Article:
HH: Interesting. I got an email from a participant in that dinner with Kevin McCarthy last night, late last night, telling me how great he was, and how confident he was. And I thought, oh my God, they’re having a fundraising dinner.
HH: And they don’t understand it. And I do think that there is no more inside baseball. I’m kind of radical in this. I believe that Twitter has made everything outside baseball.
HH: But Scalise is apparently going to be the Whip. All right, so he’s going to be in the leadership. I wonder, Bill Kristol, although it’s a done deal today, and everyone says Kevin McCarthy, and I hope to have him on the show tomorrow, everyone says he’s going to be the leader, that if one conservative puts up his hand, for example, Kevin Brady is not going to be a chairman of a committee. He’s going to be a number two, because he doesn’t get Ways and Means, because Paul Ryan’s going to Ways and Means, or you get a young guy like a Ron DeSantis, who’s going to run for Senate if Marco Rubio runs for president, and he says you know what, I’ve got nothing to lose by raising my visibility. If they put up their hand, doesn’t all hell break loose if anyone with any kind of charisma and ability steps forward and says one more into the breach?
BK; Look, I’m where you are, and I’m where you are also on the issue of there isn’t much inside baseball anymore. I gather McCarthy is personally popular. You’ve known him better than I do, but I know him a little. He’s a good guy. He’s a friendly guy, an accessible guy. Eric Cantor’s a little more distant and reserved. And so I’m not sure that people kind of want to go after McCarthy at this point, but I agree, it shouldn’t be, it’s not over until it’s over, this notion that people suddenly decide okay, that race is over, is just ludicrous. I mean, how many Congressional races have we seen over the years where people thought they had a majority and turned out not to. It’s a secret ballot. They were all saying nice things. Kevin McCarthy’s the Whip. He comes to them and says will you be with me. They say in different shades of conviction, yeah, yeah, hey, yeah, probably, why not, sure. It doesn’t mean they will really cast that vote, and the vote isn’t for a while, right? So…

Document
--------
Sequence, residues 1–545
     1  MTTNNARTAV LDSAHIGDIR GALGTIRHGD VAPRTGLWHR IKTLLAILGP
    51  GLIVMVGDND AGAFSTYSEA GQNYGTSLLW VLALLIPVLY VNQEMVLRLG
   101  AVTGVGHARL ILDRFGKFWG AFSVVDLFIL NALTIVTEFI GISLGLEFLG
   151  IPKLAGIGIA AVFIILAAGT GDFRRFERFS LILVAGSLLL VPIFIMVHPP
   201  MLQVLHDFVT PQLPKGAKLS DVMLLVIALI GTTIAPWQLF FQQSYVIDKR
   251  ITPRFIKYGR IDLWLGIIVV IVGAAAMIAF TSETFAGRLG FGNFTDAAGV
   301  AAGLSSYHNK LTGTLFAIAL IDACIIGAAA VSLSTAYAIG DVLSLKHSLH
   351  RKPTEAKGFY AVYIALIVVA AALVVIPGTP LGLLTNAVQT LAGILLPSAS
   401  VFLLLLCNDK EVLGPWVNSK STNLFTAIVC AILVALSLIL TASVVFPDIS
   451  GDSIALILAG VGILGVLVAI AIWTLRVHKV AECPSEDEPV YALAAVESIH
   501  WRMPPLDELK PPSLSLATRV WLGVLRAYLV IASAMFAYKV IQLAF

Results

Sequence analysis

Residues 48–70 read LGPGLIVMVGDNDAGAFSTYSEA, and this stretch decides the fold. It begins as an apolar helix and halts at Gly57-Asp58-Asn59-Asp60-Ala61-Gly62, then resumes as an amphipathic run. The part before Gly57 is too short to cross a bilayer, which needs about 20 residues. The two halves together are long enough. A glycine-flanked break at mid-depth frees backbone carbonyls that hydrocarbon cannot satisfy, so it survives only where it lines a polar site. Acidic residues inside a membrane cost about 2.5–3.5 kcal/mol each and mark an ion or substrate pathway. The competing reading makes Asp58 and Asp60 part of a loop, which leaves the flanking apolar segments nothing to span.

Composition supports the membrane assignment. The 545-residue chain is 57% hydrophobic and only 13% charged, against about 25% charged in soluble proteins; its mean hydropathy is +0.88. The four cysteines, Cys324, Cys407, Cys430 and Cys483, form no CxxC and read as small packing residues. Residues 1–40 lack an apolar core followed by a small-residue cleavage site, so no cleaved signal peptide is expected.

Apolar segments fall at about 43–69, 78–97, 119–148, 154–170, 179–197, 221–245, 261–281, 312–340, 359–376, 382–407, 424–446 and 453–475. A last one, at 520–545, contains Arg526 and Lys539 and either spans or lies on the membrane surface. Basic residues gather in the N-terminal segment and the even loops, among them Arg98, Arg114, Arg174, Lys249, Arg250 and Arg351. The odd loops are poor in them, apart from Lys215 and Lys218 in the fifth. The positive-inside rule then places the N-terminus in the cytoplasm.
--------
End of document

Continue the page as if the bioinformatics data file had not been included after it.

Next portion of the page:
HH: Right, it’s not until next Thursday. Someone has to, but you have to run for the job. Someone has to say I want to be the leader, and Pete Sessions is the only one who has done that, and I don’t think he has the support to beat Kevin McCarthy, because that’s kind of the same person.